We had a faculty meeting last week, which can only mean one thing: a raging argument about the best way to teach something. We're an opinionated bunch.

The topic in question was quadratic equations. More specifically, factorising, although we touched on solving them in general.

What method would you use to factorise this?

6x

^{2}+ 26x + 20 = 0

The mathematician answer, of course, is I wouldn't, I would just use the quadratic formula.

The more observant amongst you will have divided by two first and then found the answer quite easily.

For the purpose of this exercise, dividing by two is not allowed, and neither is taking two out as a factor in the beginning.

This is the method that was put up on the board for us to discuss:

6x

^{2}+ 26x + 20 = 0

20 * 6 = 120

Two factors of 120 which add to make 26 are 20 and 6.

6x

^{2}+ 20x + 6x + 20 = 0

2x (3x + 10) + 2(3x + 10) = 0

(2x + 2)(3x + 10) = 0

I would estimate that about a third of our faculty looked at this and immediately said, yes, that's how I teach it. Another third said, I know that method but I don't really teach it, and the last third said, I've never understood that method, I think it's stupid.

OK, that last group was probably smaller than the other two, but it felt bigger because I was in it.

I hate this method! It took me ages to get my head round it. I finally got round to proving it to myself so I feel happier, but there is no way I would teach this to a class, because first I'd have to prove it to them to show them where it comes from. I don't think they'd be able to use this method without understanding how it works.

But apparently, I am wrong. There are a lot of students who are successful using this method, and many teachers swear by it. The alternative, trial and error kind of method that I use is obviously quite annoying (hence why in those cases where the coefficient of the x squared term is not 1 or a prime, I would never bother factorising) and it probably puts some students off.

So here's the big question: should we teach students a method they do not understand if it makes getting the answer faster?

Primary schools have moved away from teaching un-understandable methods like column subtraction, bus-stop division, long multiplication in columns, etc towards using methods that students can understand how they work, like chunking, partitioning, open numberlines, the grid method, etc. Surely we should be doing the same higher up the key stages?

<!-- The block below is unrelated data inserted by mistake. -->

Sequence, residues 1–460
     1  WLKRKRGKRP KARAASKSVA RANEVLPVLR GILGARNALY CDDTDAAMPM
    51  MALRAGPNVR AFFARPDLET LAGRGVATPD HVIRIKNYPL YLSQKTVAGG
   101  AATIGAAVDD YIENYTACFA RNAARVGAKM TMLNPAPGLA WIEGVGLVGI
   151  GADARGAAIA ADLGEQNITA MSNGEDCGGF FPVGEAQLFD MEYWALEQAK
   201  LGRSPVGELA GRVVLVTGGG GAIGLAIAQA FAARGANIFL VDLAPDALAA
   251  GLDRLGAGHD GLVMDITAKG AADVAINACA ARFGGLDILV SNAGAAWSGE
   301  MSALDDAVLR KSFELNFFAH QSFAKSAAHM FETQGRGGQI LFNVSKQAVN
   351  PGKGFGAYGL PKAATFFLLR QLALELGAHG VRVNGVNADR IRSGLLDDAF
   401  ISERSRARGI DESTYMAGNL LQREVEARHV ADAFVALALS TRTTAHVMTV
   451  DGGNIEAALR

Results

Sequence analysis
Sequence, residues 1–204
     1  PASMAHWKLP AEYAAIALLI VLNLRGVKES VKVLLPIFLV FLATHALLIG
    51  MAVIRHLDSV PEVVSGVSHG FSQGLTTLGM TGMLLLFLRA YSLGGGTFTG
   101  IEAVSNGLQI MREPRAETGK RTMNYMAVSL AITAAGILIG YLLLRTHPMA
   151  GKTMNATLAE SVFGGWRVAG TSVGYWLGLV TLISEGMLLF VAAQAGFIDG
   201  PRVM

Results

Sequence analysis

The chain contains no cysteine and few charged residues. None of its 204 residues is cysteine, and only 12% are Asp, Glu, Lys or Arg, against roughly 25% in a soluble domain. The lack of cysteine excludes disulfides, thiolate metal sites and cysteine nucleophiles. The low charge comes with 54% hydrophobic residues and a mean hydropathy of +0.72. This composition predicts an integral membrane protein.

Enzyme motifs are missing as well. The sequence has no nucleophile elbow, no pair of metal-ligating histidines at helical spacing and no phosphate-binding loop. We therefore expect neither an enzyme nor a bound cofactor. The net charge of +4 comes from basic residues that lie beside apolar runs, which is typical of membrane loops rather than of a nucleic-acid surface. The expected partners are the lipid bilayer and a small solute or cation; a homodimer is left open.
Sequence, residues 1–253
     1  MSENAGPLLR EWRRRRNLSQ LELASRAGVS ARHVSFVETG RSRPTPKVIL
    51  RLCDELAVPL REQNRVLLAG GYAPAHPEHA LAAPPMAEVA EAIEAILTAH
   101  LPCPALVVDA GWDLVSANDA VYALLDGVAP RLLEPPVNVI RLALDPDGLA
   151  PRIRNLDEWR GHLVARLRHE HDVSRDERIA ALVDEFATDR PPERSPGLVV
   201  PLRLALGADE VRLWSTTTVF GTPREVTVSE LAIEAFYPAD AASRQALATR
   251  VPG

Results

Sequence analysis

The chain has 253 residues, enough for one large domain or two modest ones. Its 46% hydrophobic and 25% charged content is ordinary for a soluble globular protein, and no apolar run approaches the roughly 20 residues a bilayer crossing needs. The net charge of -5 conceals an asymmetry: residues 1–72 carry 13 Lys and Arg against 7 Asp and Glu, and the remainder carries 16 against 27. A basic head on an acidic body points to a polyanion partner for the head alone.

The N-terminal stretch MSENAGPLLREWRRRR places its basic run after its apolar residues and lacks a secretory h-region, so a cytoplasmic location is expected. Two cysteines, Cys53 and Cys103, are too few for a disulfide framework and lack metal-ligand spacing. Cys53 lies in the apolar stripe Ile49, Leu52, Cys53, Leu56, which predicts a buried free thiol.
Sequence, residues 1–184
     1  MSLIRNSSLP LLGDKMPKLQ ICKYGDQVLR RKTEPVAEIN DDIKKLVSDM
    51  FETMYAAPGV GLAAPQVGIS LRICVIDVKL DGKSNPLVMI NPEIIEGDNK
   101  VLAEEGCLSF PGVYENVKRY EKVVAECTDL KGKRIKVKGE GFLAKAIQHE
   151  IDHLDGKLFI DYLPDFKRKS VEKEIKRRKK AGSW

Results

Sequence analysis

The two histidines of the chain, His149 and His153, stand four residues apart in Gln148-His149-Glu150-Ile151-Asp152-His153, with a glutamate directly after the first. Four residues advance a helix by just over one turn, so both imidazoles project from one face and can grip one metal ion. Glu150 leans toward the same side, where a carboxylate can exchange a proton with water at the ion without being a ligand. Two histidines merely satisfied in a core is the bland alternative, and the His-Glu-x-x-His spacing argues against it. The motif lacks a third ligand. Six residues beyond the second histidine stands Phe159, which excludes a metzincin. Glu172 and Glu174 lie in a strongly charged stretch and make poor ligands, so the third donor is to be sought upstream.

I would love to know your opinions on this. If you're a maths teacher, which method do you teach? If you're not, what method were you taught when you were in school?

Emma x x x

Appendix: Explanation of above method

ax

^{2}+ bx + c

= (kx + l)(mx + n)

=kmx

^{2}+ knx + lmx + ln

=kmx

^{2}+ (kn + lm)x + ln

So we are looking for k, l, m and n such that:

km = a

kn + lm = b

ln = c

Aim to split b up into kn + lm

ac = kmln = kn * lm

So we can factorise ac such that the two factors sum to make b.

Working forwards:

ax

^{2}+ bx + c

= kmx

^{2}+ knx + lmx + ln

=kx(mx + n) + l(mx + n)

= (kx + l)(mx + n)

I had never even heard of that method until yesterday when I asked one of the teachers in my department because I knew I have to teach it next week. He showed me about 3 or 4 different ways of doing it, but I still just think the trial and error way of doing it is the most intuitive. I like how you've explained it in the appendix - if I did end up teaching it that way now I think I would be much happier, but for the moment I'm going to focus on coefficients of 1 in front of the x squared and worry about ax^2 later on.

ReplyDeleteWow, that was oddly well-timed then!

DeleteI'm sticking with trial and error all the way. This method just feels like a hack.

I'm in the group that knows about it, but I wasn't as comfortable teaching it as the others.

ReplyDeleteAlthough it *looks* a bit hacky, the way that it works is pretty explanatory IMO- because students are already familiar with single bracket factorisation, it reduces a quadratic factorisation to a couple of single bracket factorisations, and with minimal effort.

In contrast, the trial and error method that tend to is probably better received by pupils in upper sets because it helps to broaden their minds on how to do quadratics in different ways rather than one that builds more rigidly on the things that have come before.

What about systematic trial and error:

ReplyDelete6x^2 + 26x + 20 = 0

Factorise 6x^2 and 20 and list them:

6x 3x . . . . . 20 1 2 10 4 5

x 2x . . . . . 1 20 10 2 5 4

Cross multiply and add between the two separate columns to get 26x

and you will find 2 possible answers

(3x + 10)(2x + 2) or (6x + 20)(x + 1)

Yeah, that's exactly how I was taught and that's what I still do, although I tend not to make a little table any more.

Delete